The Glasshouse (London, UK)

During our visit to the UK, my parents were also visiting as part of their 50th anniversary celebration (sorry it took so long to write this one up, folks…). My brother and I decided to take them (and our aunt) out for a nice family outing, so we opted for a trip to the Kew Gardens area, having a nice dinner at The Glasshouse followed by a walk in the Gardens.

Set just outside the surprisingly pleasant courtyard outside the Kew Tube station, the Glasshouse (named for the large glasshouse at the nearby gardens) isn’t actually a glasshouse, but it is a pleasantly cozy but well lit dining room.

What works well at The Glasshouse is that they have a rather nice price fixe menu. While it’s a bit pricey at £50 (plus upcharges on a few items), that £50 gets you a very generous full three quality courses. And between the 7 people in our party and a little bit of friendly sharing, we were able to experience a good portion of the menu, so I’m going to hit the highlights of the table.

First off was the white onion soup with poached hen’s egg, confit potato and pancetta. This was one of those nicely executed soups that reminds me of the benefits of a chinois with some good technique: a very smooth onion soup with nice little salty bits of potato, pancetta, and a bit of hen’s egg buried in it to chase around a bit. Quite pleasant overall.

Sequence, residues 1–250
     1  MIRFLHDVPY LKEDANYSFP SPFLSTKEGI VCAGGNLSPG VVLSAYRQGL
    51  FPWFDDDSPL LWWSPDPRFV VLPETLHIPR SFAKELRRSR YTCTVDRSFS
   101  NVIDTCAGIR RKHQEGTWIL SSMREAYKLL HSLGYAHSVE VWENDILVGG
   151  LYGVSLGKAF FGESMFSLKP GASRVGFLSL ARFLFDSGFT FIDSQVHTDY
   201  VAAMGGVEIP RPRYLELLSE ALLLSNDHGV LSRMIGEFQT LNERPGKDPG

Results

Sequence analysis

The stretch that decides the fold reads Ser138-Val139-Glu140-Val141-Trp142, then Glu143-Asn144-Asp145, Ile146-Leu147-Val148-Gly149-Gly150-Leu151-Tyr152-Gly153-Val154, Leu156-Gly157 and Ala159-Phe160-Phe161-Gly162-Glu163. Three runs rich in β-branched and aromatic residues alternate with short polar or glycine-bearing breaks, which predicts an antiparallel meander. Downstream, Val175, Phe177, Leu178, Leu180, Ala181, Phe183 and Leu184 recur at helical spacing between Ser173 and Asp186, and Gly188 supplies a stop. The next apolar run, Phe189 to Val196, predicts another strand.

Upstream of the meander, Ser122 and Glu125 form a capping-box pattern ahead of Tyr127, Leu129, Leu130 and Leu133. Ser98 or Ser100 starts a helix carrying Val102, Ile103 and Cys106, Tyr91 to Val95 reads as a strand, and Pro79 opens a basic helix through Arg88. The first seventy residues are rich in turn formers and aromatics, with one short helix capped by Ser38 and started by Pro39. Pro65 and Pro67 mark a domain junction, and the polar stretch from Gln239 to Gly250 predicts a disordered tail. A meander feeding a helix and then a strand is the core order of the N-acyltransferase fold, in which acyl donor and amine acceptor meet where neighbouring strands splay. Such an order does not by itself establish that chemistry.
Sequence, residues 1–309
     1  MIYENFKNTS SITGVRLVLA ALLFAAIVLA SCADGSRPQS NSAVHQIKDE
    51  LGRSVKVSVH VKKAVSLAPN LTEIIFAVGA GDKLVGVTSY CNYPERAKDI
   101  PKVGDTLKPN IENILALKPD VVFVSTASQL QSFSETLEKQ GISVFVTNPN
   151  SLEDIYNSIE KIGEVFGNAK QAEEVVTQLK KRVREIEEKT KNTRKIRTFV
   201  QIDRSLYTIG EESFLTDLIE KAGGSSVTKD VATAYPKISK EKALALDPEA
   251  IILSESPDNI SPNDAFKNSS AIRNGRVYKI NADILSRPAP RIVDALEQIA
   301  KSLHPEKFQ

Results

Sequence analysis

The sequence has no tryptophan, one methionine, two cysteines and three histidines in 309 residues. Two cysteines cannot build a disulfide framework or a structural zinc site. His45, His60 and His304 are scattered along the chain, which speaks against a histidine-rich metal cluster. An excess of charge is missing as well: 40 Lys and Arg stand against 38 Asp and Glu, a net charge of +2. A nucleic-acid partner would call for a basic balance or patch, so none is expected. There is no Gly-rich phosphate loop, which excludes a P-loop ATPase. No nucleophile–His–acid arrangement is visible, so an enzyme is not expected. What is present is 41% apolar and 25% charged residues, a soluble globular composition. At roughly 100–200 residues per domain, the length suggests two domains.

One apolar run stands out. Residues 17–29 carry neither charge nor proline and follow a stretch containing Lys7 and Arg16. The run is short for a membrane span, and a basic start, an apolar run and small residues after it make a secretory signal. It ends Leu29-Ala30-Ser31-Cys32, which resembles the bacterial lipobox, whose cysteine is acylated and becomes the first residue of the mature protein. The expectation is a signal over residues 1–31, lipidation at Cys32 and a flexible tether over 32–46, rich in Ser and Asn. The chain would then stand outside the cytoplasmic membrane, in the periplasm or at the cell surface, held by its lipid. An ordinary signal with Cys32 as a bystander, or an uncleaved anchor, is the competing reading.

Next up: ceps (mushrooms for us yanks) with pearl barley risotto, black garlic, roasted hazelnuts and parmesan. Another nice little appetizer, with a pleasantly woody mushrooms, a nice garlic barley rissota, and some hazelnuts to give it a bit more of a woody/nutty taste.

For the main course, most of the table went with the lamb dish: a loin of Welsh lamb with faggot (sausage), shallot purée, baby turnips and rosemary sauce. This was a perfectly cooked, tender piece of lamb, complements by a flavorful slice of sausage and some excellent turnips. I find lamb one of those meats that’s best cooked to a very narrow window, and here they hit it squarely.

Myself, however, I did the pork dish: Pork fillet with confit belly, boudin noir, butternut squash, Muscat grapes and Breton cider. I always really enjoy a nice done piece of pork belly, and here it was confited nicely, layered with the boudin noir, and then lightly crisped under the salamander to give it that nice crispy crust. Add in a nice tender piece of pork fillet, and the somewhat unusual side of crapes, and this was a perfect little pork dish.

But where the Glasshouse shined was dessert. First up was the Savarin with fig, rum and chantilly cream. I always find savarins a bit risky: there’s a certain balance to getting the dough itself crusty and yeasty enough, but having it soak up a reasonable amount of the sauce to soften it without making it soggy… but they did a good job here.

Next up was the pear panna cotta: a really nicely executed slab of panna cotta, firm but not chalky. Adding in some absolutely splendid gingered Japanese pears, and this was just about as perfect a panna cotta as I’ve ever had.

Finally, I did the chocolate dish: Dark chocolate mousse with macadamia nuts, passion fruit and banana sorbet. Again, a perfect execution: a mouse that was rich in chocolate notes without being greasy or cloying, with a pleasant banana sorbet served atop a nice cookie, dusted with nuts.

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